This week, week 2, we had to do media fieldwork at Bristol City Museum to explore how media and technology are represented in museums or galleries.
The most up-to-date technology I could find was in the Egyptian area where tablets have been introduced for further exploration of artifacts in the glass cases and on display. You could navigate between the different artifacts, see points and time of discovery, what they are made of and compare them to each other. Furthermore, at the end of the exhibition there was a black display case which could only be seen into, if the instructions on-screen above had been read. The text pre-warned you for the content of the box and only to make the glass invisible if you were interested in seeing a skeleton of an egyptian man. The top of the box was made transparent by pressing two blue-lid circles.
Throughout the museum different kind of communication media was used to inform the visitors. Everything from glass vitrine to interactive playgrounds for children, video and information boards. In the egyptian area you had an option to listen to audio clips as you walked through by placing something in front of the white loop with the audio sign. Furthermore, there were leaflets, films, projections of film, scan-barcodes, engraved sculptures, banners, paintings, notice boards and places where you could interact such as, locate wildlife and places by lighting buttons, touch artifacts and press buttons to set of audio clips. Everything there tried to communicate something to you one way or the other. The more recent media communication was mostly seen in their latest exhibition and in the children’s play zones. I think this got to do with keeping children interested and also their ‘friendliness’ towards these new media technologies.
The significance of having popular media included in a museum visit reflects the transformation of communication methods used today. We expect to learn from or get information from tablets, TV and computers instead of analogue encyclopedia books. Visitors might therefore lose interest or not read the boards allocated to the artifact and simply glaze past them.
In the museum they have a contemporary section on the second floor behind the gallery area. The contemporary area is very different to the rest of the museum with white walls and minimalistic decor. One of the objects exhibited was an iPad to a projector and unto a screen that shows current cinematic practice. A feeling I had throughout the section was surveillance. The photographs on the wall with ladies in cars (speeding photos), the big mirror over the carriage with different currencies (money and power relation) and the transparent chair where nothing is hidden.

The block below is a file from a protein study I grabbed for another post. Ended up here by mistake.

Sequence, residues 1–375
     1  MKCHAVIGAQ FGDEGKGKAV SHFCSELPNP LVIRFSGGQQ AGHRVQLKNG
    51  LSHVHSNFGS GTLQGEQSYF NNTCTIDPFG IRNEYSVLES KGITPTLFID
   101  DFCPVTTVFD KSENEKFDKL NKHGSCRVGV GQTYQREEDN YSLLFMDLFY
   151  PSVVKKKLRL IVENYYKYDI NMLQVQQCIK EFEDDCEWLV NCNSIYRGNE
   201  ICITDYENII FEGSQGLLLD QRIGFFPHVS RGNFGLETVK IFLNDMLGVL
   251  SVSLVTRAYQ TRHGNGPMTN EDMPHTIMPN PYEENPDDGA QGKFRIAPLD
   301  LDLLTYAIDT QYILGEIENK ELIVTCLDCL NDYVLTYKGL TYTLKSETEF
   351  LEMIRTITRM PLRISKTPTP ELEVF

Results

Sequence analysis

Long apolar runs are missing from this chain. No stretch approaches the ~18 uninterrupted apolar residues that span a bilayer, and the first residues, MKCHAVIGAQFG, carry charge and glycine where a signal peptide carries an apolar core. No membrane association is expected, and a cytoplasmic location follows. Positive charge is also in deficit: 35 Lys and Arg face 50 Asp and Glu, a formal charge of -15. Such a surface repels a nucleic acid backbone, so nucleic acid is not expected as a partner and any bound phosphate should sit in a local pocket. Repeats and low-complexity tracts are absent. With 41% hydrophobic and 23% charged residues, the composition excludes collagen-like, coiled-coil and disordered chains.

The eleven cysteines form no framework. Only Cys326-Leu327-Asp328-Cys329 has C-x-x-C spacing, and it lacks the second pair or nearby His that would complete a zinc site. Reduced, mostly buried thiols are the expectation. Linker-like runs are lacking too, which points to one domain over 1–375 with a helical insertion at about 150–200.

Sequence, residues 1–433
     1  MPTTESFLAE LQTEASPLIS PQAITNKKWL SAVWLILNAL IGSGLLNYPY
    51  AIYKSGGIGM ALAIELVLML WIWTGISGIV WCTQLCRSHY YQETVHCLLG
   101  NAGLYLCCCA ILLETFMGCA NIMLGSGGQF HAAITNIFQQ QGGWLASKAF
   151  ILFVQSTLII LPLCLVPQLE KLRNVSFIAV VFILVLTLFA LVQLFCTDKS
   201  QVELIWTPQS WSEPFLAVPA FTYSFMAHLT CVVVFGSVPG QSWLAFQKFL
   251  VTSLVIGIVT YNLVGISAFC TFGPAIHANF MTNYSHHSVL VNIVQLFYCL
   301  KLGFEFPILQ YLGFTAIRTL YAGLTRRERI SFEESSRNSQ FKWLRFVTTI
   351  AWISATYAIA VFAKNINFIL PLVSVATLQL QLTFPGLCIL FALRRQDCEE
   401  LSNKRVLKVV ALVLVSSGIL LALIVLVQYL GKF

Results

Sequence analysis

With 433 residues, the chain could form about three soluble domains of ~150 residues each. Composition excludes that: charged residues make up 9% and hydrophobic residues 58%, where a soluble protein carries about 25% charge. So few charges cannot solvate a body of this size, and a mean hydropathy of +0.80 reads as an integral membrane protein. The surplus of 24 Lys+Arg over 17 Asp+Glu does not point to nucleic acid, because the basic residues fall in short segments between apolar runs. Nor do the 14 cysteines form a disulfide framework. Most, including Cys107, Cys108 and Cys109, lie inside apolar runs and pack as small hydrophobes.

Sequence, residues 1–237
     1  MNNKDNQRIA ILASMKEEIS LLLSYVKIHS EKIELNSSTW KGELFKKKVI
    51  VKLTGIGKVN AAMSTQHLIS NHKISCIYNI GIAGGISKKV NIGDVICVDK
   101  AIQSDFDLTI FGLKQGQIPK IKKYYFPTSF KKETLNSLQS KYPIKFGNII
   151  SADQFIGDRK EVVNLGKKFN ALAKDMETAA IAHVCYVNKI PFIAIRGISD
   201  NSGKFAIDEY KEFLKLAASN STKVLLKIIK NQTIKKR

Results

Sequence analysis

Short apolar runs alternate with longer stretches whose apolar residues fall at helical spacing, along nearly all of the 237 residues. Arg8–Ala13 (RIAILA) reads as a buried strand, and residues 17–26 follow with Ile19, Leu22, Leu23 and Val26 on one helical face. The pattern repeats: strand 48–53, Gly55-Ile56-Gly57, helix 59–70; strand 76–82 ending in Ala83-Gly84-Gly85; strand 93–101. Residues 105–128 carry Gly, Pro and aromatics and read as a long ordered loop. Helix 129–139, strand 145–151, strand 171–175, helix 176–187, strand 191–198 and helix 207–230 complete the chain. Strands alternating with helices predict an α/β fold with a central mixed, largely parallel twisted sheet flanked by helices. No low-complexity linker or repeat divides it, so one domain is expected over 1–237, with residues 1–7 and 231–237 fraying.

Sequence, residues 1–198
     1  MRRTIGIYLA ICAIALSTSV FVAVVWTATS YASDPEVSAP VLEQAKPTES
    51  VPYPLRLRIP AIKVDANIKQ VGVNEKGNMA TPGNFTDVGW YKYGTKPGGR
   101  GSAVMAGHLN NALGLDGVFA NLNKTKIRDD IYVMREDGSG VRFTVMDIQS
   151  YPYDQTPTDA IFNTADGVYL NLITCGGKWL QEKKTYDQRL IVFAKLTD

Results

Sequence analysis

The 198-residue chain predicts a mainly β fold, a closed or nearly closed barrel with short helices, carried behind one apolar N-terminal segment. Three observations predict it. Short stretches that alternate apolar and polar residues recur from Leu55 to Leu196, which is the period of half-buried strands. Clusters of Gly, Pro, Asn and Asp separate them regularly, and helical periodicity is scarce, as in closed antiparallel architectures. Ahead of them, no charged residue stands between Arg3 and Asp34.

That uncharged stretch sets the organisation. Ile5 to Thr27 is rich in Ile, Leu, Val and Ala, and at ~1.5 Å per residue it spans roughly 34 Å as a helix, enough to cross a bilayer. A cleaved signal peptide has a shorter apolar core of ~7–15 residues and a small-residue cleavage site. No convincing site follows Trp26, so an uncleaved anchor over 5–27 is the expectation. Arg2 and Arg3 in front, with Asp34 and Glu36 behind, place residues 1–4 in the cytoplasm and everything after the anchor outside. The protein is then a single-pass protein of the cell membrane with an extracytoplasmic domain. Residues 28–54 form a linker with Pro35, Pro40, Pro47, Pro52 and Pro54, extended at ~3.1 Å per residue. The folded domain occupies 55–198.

Another interesting object was the Japanese adult film and how it was placed, cut off in a white box with the screen facing away from the main path. By watching the film I got a sense of future dating life or interaction with other humans. A recent BBC documentary, ‘No sex please, we are Japanese’ already describes how some Japanese men prefer a virtual girlfriend instead of an ‘actual’ human being.
The new media all has analogue equivalents, and a museum or a library could be seen as a database of information. Museums have more than databases though, with artifacts that allows you to touch, smell, feel, in other words, use your senses interactively with the objects explored. Museums cannot hold the same amount of information though due to limited space and has to change exhibitions frequently. If you look at interactivity from a games perspective, it does not have to be virtual worlds on a computer or PS3 screen. Puzzles or board games are just as interactive and can create or give you a sense of acting in ‘another’ world within a set of rules set up by developers.
As navigation within the museum I had a look at the floors within the building. It was interesting to see that the egyptian area had marble floors with cracks looking rather old and fitted in with the style of old egyptian buildings. The marine and wildlife area had a soft creme carpet which could be seen as sand on a beach while you are looking at shells, fish and birds. Then the traditional art gallery had wooden floorboards which was to expect. Another interesting section was where Bristol City Museum had chosen to place English birds next to old pianos, which was slightly illogically, and the floors there were, with a little help of the light, two coloured mixed into each other in a zig zag pattern.